The Worst Argument So Far Against Oregon's Higher Education Proposal

Last week, I wrote about Oregon's tentative moves towards implementing a Pay It Forward (PIF) system to eliminate college tuition at Oregon's public schools. Under these kinds of plans, college attendees are made to pay a percentage of their income (just like a tax) after they graduate. Since then, the Oregon plan has blown up, receiving coverage in almost all the major outlets. The coverage has produced dozens of distinct arguments from people all over the political map. It would be impossible to address them all in-depth. However, there is one argument against the plan that is so bad that I think it deserves an answer. This post goes a bit into the weeds to make its point, but stick with it: there is a big payoff.

The argument goes like this. If a state Pay It Forward (PIF) system is implemented, there is a narrow group of students (who are not high-earners) that would actually end up worse off than they are in the status quo. How could this be? Well, the federal government has an opt-in repayment option -- now called Pay As You Earn (PAYE) -- that allows student debtors to pay 10% of their discretionary income for 10 or 20 years, after which their remaining debt balance is forgiven (although they bizarrely still have to pay income taxes on the forgiven amount). In the status quo, students that opt in to PAYE pay the 10% and that's it. However, if a state passes PIF, those same students would pay the 10% for PAYE and then an additional percentage of their income (e.g. 3%) into their state's PIF system. So, you see, they wind up worse off, and therefore states should not adopt a PIF system.

This argument has been put forward by a number of very smart people that I respect. Sara Goldrick-Rab made it in a post at The Century Foundation, Jordan Weissman made it in a post at The Atlantic, and Dylan Matthews quotes Jason Delisle of the New America Foundation making it in a post at The Washington Post.

On its face, this argument seems very appealing (hence all the smart people reaching for it). In fact, however, the consequences of this argument are so bad that I am surprised nobody has pointed out yet how problematic it actually is.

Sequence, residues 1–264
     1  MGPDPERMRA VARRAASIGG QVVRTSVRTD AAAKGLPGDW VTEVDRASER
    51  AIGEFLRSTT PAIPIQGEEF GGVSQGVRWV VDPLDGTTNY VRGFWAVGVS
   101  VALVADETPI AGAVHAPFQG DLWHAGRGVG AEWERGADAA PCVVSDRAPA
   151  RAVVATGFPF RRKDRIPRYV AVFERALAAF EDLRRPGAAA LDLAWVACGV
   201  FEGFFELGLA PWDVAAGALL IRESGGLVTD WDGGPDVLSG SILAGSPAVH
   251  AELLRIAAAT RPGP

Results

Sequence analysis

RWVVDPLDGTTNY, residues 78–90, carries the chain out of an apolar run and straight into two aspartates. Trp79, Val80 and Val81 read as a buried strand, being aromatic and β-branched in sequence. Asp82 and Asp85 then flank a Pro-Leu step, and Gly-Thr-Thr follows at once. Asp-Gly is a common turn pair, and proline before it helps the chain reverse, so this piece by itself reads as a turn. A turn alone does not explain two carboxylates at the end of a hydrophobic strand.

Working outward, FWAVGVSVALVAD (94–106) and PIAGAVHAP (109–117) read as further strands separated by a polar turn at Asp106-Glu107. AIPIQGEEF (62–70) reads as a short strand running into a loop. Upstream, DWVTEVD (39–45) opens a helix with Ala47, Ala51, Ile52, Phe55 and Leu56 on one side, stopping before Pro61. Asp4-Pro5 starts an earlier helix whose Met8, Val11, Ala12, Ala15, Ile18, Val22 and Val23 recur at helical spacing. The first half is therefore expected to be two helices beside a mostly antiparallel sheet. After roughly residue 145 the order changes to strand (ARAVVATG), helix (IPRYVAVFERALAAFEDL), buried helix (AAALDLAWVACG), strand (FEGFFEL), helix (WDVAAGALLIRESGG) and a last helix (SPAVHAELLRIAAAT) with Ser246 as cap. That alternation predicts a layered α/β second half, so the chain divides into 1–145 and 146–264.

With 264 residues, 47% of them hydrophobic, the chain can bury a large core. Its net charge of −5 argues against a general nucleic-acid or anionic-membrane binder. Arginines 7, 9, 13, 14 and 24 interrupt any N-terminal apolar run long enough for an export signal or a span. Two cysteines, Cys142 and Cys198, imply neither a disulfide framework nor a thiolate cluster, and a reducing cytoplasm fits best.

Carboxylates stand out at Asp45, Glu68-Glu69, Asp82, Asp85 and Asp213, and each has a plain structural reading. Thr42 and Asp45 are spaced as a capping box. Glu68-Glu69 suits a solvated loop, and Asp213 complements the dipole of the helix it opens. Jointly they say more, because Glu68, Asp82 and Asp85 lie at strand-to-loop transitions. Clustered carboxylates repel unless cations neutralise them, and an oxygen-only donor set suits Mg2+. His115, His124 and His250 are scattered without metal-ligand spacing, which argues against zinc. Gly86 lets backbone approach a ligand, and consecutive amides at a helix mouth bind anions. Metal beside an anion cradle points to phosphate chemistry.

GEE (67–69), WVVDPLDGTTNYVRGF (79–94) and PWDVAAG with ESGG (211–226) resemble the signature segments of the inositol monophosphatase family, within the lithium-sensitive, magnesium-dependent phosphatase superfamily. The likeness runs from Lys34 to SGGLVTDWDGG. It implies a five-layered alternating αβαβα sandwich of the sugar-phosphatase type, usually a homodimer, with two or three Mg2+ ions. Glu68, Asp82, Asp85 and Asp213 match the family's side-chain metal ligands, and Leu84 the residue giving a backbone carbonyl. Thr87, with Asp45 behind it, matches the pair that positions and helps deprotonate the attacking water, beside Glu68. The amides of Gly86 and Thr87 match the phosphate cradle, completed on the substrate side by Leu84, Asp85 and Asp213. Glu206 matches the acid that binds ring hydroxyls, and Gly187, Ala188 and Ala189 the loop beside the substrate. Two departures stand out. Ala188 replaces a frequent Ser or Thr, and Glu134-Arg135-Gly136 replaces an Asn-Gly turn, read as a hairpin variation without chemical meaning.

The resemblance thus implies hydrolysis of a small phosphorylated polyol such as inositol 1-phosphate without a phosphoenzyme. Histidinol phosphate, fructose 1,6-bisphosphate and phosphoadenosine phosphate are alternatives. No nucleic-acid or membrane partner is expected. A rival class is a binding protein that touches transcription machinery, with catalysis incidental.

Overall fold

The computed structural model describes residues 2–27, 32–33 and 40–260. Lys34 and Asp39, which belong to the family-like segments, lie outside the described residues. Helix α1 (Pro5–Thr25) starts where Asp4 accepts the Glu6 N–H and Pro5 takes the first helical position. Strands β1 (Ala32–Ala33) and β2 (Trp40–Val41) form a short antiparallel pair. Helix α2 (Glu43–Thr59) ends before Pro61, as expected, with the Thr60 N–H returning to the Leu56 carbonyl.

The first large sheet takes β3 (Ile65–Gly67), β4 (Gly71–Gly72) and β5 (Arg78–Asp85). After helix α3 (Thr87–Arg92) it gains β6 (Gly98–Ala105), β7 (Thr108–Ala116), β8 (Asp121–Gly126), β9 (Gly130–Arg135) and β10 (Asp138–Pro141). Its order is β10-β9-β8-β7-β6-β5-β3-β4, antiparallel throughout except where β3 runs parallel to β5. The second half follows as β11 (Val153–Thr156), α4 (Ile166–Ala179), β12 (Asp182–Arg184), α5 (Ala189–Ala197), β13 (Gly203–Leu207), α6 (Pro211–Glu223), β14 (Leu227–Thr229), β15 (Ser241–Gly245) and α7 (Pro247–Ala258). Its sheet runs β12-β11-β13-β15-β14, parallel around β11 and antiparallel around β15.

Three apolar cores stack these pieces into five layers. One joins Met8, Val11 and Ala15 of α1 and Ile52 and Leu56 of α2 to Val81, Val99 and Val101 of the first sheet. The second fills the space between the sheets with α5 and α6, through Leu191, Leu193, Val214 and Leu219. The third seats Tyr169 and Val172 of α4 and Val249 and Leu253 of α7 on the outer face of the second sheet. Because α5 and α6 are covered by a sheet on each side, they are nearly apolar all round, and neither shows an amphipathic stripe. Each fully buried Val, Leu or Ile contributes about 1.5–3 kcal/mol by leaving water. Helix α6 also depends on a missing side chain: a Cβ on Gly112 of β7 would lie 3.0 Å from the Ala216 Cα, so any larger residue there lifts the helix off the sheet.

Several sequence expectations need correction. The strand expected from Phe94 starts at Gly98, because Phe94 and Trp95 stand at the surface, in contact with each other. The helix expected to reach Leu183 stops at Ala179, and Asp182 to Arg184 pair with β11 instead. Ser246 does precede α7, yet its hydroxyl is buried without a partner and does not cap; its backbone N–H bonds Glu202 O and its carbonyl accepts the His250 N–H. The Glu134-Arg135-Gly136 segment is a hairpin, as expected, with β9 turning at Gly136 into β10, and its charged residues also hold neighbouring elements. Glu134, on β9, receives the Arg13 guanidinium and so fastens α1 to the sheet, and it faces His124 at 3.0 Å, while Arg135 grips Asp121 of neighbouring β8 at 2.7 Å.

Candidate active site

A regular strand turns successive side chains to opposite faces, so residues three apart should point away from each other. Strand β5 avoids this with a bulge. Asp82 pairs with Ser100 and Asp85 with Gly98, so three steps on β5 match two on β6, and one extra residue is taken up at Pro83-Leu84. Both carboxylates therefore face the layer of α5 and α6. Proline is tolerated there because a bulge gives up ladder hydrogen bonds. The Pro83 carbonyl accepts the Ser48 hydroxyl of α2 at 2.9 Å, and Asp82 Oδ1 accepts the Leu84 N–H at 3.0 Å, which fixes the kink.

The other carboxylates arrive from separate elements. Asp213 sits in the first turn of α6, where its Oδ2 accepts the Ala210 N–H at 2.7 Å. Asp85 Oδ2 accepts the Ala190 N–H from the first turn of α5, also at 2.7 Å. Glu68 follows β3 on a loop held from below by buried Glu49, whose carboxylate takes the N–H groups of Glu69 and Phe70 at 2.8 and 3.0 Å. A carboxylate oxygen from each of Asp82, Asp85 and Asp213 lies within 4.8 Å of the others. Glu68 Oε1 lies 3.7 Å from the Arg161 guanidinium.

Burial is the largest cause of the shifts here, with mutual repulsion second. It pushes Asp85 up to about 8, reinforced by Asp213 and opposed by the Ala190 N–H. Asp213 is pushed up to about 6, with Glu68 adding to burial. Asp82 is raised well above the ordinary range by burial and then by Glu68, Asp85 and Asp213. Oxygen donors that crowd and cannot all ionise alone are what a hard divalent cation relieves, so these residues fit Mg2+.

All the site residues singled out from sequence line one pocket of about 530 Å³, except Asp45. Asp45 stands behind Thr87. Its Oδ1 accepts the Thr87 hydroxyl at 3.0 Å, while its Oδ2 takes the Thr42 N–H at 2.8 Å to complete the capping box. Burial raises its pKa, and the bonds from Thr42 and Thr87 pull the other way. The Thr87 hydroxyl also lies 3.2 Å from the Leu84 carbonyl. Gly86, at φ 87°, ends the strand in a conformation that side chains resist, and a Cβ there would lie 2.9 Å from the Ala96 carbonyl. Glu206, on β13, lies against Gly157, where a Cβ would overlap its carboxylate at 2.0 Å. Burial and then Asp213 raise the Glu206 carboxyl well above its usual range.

The only reason this argument works is because students that opt in to the federal PAYE system (and utilize it all the way to debt forgiveness) receive absolutely no benefit from direct tuition subsidies. They don't pay tuition, after all: they pay 10% of their discretionary income for 10 or 20 years. Therefore, any direct tuition subsidy paid by a state is worthless to them. In fact, it's not just that tuition subsidies are worth $0 to them; it's that direct tuition subsidies harm them because they are forced to contribute to them in some way.

So in the PIF system that is the target of this popular argument, the state directly subsidies all tuition, and those those that utilize the colleges have to pay (what amounts to) income taxes in order fund that direct subsidy. This is bad for students in the PAYE system because they receive $0 in benefit from the direct tuition subsidy, but have to pay in to the system that funds the tuition subsidies. So, in net, the whole enterprise of providing tuition subsidies via PIF makes the PAYE graduates worse off.

But this is not an argument against PIF: it is an argument against states providing tuition subsidies at all. Consider the following scenario. Suppose we are in Wisconsin, which provides subsidies to its public colleges, but certainly not enough to cover tuition. How does it provide these subsidies? It taxes the public. Now suppose Wisconsin passes a bill that increases taxes somewhat in order to increase subsidies to public colleges somewhat. If you follow Sara Goldrick-Rab, the author of The Century Foundation piece linked above, you'd know that she supports this move. But actually, if she really believes her argument against PIF, she should oppose such a bill. Why? Because the bill makes PAYE students worse off! Those PAYE students will get $0 in benefit from the increased WI tuition subsidies, but, because they are taxpayers too, they will face higher taxes after they graduate (in order to help fund the increased higher education subsidies). In net then, PAYE students would take a hit financially.

In their desire to argue against PIF, its opponents have actually managed to construct an argument that, when taken to its logical end, demands that we eliminate all direct subsidies for higher education. The exact same thing that causes PIF to make PAYE students worse off is what causes all direct subsidies for higher education to make PAYE students worse off. This argument should be abandoned. It is really quite bad.